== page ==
In December 2006 an ‘Eating Out’ review was very complementary about the Ship Inn and how it was ‘making waves on the gastronomic front’. The transformation of one of the bars at the pub into a classy restaurant was described as trendy and comfortable. Landlord Adrian Eyles said, “Basically I’m just being very selfish. I serve the food I like and the décor is what I’d choose myself.” The decoration with colours of creams, blues and greens, with wooden floors and bar ‘give the feeling of being on a Cornish coast rather than a short walk from the banks of the Severn.’ As for the cuisine, a reviewer in 2013 commented about the steak, “It was the best rump steak that I have ever eaten. It was sealed on the outside, and a consistent pink from the edge to the middle. This had been cooked perfectly and the quality of the steak was beautiful. The meat was tender and packed full of flavour.”
On the menu in 2012 was a Titanic burger, consisting of a quarter pound gourmet steak burger, quarter pound pork sage and onion burger and quarter pound minted lamb burger with two Americano buns, two potato rosti and sliced gherkin accompanied by apple sauce, tomato chilli salsa and minted jelly. Anyone completing the mammoth challenge of eating the beast was applauded by a ring on the Ship’s bell.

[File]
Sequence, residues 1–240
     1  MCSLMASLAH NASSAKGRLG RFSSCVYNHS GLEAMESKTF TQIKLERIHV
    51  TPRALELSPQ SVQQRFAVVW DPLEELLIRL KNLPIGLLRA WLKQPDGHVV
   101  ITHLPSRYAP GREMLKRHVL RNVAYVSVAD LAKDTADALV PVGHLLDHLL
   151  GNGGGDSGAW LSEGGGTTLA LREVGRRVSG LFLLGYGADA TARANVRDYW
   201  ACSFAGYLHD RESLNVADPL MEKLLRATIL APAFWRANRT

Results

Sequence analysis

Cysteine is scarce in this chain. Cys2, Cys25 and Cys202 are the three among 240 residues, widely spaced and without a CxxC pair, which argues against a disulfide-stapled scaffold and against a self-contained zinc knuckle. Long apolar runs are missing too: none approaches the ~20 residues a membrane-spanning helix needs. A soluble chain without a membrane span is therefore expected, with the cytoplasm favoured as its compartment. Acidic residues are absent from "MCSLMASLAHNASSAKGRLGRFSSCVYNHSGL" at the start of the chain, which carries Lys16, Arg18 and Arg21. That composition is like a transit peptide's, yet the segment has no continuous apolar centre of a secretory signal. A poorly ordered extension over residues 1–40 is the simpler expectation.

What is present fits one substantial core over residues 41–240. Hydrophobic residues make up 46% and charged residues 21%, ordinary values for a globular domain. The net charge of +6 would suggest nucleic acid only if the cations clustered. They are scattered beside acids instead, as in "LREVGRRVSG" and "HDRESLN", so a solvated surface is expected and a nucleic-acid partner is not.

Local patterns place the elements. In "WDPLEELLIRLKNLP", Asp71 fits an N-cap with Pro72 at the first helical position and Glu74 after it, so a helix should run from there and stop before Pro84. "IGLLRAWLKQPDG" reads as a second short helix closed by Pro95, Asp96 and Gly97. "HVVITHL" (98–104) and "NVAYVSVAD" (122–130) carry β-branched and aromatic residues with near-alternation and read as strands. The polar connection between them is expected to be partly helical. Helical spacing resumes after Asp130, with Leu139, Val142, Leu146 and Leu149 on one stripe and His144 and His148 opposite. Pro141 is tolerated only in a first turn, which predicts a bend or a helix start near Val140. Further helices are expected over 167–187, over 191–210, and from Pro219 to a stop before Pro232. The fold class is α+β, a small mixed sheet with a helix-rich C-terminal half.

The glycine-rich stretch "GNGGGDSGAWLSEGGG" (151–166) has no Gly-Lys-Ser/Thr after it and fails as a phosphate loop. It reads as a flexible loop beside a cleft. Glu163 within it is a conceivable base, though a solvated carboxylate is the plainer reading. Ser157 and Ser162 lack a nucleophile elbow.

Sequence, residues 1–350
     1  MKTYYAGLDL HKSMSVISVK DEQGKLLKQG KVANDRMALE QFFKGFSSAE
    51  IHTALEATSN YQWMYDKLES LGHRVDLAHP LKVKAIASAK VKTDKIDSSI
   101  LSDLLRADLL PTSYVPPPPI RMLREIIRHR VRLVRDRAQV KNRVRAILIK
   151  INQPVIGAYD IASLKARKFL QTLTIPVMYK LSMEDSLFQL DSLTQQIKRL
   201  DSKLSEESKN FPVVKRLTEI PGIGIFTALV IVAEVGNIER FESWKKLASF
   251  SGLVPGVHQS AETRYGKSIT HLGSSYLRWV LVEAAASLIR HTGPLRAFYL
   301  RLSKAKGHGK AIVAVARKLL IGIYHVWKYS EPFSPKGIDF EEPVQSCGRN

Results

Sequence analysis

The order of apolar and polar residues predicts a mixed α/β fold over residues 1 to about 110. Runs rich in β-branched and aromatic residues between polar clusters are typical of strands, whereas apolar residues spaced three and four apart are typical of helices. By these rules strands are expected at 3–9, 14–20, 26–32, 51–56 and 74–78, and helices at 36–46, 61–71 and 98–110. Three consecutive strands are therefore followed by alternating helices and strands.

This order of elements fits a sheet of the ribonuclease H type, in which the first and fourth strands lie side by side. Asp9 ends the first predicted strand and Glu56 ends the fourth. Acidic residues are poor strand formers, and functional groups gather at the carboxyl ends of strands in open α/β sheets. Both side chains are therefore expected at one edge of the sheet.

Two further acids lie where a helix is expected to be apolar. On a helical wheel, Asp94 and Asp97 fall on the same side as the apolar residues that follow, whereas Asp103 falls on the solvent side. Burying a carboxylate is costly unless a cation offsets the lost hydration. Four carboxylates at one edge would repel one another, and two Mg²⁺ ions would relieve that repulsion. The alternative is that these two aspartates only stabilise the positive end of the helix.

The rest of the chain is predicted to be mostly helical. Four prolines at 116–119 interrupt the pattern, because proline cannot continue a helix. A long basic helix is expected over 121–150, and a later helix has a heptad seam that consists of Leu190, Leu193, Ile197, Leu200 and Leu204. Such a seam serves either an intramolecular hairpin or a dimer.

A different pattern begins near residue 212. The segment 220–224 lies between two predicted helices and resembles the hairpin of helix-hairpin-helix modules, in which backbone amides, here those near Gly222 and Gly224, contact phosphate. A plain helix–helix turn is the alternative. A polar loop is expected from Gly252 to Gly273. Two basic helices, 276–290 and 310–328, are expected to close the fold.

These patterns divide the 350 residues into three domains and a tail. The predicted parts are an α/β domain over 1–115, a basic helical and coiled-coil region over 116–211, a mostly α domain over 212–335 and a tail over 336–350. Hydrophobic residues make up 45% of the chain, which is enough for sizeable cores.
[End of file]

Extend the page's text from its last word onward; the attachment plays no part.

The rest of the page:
Officers from the Forest of Dean District Council took legal action against landlord Adrian Eyles in September 2007 after the exterior of the Ship Inn was painted bright blue. It had previously been painted pink. The Council objected because it was thought the bright blue colour was inappropriate for a listed building in such a prominent position in a conservation area in Newnham High Street. After the expense of refurbishing the pub Adrian was fined £650 (including costs and surcharge fee) for failing to complete and return a Planning Contravention Notice (PCN) in time. Newnham Councillor, Diana Edwards, said, “I’m horrified by this, it’s completely unfair. The District Council are asking Mr Eyles to go to much expense in repainting the pub in the first place. What is more important to them, the form or the colour? People in Newnham are used to that colour now. What is more important than the colour is that it is a superb pub that provides superb meals. I think what goes on inside is more important than what goes on the outside.” But a District Councillor spokesman said, “We will now issue an enforcement notice which will require him to repaint the building.” Adrian Eyles submitted another application to the Forest of Dean District Council in July 2008 for ‘heritage teal blue with white ivory windows.’